Farnsworth Canyon and Top of the Reef


Still right here.
Jan 17, 2012
I haven't even gotten this trip report up on my website yet, but this seems like a good place to post it first. :)

Over the Martin Luther King, Jr. holiday weekend I hiked and camped along the San Rafael Reef near the Temple Mountain/Goblin Valley junction. On Sunday I hiked up Farnsworth Canyon and back, then camped just off the dirt road that runs along the outside of the Reef. On Monday I hiked straight from camp up the San Rafael Reef to the high point between North Temple Wash and Farnsworth Canyon. My total hiking distance was about 12 miles, and I saw some great stuff.

It was overcast all day Sunday, but temperatures in the afternoon were perfect for hiking. I parked at the southeast end of Farnsworth Canyon and started the hike at about 1:00PM. All I knew about the canyon is that there were some pictographs somewhere and that, judging by some photos I'd seen, there might be some scrambling involved. It turned out that the entire canyon was an easy stroll with only one small ledge to scramble up. I'd only seen closeup photos of the rock art, but they were enough to help me find it. I hiked as far as the second drill hole in the canyon, just below the small fork in the canyon that contains three natural arches which I'd hiked up to in October 2010. It had taken me about two hours to hike through the canyon (and a good chunk of that was spent admiring the rock art), and it only took about an hour to return through the canyon to the truck. I drove more than a mile southwest on the dirt road and set up camp at an existing primitive site right on the side of the road. It was cold and breezy, but I kept the fire going to stay warm until bedtime. It got very windy a couple of hours after I hit the sack, and the predicted low temperatures were supposed to be in the high teens, but I kept warm with two sleeping bags.

Start of the Farnsworth Canyon hike

Farnsworth Canyon




A jumble of boulders before the canyon opens up

Wide area in the canyon after the narrows--one other person had been here in the last month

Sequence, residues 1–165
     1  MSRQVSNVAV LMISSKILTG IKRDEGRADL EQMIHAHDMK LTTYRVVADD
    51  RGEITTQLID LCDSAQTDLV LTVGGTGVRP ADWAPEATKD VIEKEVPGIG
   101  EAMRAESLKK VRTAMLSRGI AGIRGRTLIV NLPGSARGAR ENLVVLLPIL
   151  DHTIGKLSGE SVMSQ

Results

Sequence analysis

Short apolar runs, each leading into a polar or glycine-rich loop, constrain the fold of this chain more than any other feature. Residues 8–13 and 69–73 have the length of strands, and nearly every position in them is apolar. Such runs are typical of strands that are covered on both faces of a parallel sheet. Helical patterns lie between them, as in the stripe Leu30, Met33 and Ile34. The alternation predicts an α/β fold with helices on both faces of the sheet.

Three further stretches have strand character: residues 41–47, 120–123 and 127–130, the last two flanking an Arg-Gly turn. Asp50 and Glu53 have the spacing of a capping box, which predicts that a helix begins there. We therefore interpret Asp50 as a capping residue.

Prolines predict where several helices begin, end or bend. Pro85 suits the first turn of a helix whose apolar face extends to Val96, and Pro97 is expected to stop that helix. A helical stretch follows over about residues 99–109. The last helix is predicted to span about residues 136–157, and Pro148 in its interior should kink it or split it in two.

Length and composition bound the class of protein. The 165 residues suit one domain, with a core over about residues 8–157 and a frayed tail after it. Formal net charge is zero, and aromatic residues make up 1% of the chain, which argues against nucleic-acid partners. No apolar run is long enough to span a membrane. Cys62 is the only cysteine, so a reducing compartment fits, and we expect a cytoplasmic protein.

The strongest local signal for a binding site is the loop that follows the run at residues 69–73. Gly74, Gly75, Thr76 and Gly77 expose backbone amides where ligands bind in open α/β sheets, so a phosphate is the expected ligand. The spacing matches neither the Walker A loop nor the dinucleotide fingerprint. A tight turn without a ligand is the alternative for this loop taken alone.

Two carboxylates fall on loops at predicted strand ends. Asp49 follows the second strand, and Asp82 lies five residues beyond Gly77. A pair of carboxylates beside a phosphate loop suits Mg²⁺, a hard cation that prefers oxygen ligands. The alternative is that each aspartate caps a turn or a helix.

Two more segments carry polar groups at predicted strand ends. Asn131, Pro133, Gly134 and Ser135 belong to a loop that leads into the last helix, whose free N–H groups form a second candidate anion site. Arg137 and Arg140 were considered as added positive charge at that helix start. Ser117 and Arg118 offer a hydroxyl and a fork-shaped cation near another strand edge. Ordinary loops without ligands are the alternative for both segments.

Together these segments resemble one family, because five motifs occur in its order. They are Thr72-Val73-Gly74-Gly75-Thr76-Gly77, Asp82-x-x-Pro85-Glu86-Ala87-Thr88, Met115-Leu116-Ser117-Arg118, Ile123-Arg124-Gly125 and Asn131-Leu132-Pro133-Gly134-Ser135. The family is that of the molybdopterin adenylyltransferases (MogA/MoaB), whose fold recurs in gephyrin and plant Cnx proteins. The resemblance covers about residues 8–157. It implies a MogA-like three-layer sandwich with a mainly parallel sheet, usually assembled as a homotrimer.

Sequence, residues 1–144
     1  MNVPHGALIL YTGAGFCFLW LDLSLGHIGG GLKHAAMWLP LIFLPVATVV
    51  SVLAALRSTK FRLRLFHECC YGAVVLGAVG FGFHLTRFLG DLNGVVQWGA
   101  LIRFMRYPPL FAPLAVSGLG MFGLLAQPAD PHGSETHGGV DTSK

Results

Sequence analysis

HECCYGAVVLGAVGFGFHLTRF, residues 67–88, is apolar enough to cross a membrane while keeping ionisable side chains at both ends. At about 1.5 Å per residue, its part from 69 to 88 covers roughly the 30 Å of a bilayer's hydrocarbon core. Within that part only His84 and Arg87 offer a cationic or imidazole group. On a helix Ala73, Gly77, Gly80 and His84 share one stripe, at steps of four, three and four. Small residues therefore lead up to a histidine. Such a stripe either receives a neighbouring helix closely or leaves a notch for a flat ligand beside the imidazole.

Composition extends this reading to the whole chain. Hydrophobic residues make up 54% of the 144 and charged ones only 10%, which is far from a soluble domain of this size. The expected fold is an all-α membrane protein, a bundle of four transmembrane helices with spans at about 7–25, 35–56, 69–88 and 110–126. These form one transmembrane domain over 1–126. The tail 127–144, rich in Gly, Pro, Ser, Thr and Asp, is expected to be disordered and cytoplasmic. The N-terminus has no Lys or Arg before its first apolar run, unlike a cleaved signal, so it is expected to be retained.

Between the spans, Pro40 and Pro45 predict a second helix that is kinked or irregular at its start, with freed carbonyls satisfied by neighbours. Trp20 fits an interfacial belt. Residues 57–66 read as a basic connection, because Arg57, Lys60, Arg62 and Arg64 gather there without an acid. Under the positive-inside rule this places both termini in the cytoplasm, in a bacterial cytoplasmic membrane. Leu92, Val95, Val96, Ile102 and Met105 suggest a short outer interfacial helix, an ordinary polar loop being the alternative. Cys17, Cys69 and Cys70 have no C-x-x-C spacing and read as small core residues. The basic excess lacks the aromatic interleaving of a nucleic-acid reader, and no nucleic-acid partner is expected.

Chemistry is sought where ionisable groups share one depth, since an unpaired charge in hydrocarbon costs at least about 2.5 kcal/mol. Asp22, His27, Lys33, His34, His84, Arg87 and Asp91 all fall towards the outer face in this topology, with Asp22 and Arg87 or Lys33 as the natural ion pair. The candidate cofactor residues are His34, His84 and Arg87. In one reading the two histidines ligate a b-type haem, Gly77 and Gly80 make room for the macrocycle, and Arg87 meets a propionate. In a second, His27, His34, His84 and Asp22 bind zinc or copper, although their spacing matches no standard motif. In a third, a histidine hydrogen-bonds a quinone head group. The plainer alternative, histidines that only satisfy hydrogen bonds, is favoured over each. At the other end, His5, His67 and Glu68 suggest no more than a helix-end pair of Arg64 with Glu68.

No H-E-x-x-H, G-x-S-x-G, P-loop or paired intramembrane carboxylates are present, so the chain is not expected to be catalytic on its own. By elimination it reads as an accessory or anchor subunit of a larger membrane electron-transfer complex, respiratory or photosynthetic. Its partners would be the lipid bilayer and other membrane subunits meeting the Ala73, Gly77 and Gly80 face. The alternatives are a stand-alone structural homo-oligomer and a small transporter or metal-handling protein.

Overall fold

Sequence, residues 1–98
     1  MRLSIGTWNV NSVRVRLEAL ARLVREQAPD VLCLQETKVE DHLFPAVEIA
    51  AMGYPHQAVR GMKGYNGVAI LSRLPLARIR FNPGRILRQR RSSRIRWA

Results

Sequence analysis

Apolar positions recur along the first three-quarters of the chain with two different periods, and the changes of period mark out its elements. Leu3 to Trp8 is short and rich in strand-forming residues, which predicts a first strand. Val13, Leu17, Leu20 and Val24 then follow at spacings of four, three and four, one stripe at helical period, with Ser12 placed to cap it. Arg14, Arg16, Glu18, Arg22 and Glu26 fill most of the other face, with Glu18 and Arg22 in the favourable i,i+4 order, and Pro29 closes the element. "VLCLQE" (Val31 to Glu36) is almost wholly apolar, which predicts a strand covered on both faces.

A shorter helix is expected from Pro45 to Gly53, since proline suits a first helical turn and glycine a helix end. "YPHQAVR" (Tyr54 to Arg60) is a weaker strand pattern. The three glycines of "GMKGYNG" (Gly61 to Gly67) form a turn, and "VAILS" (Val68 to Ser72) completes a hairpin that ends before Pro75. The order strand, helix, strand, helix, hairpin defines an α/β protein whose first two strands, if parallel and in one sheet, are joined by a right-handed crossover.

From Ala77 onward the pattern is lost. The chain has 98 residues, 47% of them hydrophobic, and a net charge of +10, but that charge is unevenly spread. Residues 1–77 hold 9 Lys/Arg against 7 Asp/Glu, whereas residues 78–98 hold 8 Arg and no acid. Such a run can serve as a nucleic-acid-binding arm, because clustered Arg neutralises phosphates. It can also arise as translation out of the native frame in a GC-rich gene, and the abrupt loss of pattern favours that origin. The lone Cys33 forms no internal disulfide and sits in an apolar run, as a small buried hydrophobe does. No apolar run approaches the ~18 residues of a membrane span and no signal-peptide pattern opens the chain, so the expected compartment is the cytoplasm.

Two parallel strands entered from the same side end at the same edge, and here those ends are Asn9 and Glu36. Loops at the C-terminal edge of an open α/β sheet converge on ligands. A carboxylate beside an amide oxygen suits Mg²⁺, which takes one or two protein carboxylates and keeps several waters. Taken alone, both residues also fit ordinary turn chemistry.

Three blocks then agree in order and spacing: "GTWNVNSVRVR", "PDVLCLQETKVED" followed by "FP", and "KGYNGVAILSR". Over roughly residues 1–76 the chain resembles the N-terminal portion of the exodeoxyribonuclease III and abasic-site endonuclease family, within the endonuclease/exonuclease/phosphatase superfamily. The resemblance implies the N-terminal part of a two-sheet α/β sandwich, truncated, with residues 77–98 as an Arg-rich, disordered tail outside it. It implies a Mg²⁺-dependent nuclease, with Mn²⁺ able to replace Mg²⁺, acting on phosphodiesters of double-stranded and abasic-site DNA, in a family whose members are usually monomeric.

Here the canyon closes in a bit after the wide area

The first drill hole

Old shack

Second drill hole




Henry Mountains seen during the drive to camp

Gettin' the fire going

Killer clouds after sunset

Campfire and tent

During the night some condensation had frozen my sleeping pad to both the tent and sleeping bag, so while I made breakfast and coffee I tried letting everything thaw and air out as the sun rose and finally broke through the clouds. After packing all my camping gear into the truck, I set off straight from camp up a small break in the San Rafael Reef. My original route called for starting the hike in the next small canyon to the northeast, so as I climbed up the Reef I eventually had to cross over a ridge into the next canyon over. After getting into the correct drainage, a small herd of bighorn sheep surprised me as they came running up the rim of the canyon. Once they saw me they paused for a while to check me out, and I returned their stares for a bit before moving on. The canyon had a lot of potholes, some in flat sections that could easily be walked around, and some that required scrambling through or around. One series of deep potholes couldn't be climbed, so I scramble out of the canyon to detour around them. As I got to the upper reaches of the drainage, I turned slightly north and crossed a few smaller drainages before entering another small canyon that follows a faultline.

View from camp just before sunrise

Entering the canyon just a few hundred feet from camp

Climbing over a ridge into an adjacent canyon

Dropping into the next canyon

Bighorn sheep

In the canyon

Navajo Sandstone formations

Slotty section

The start of a series of potholes I had to detour around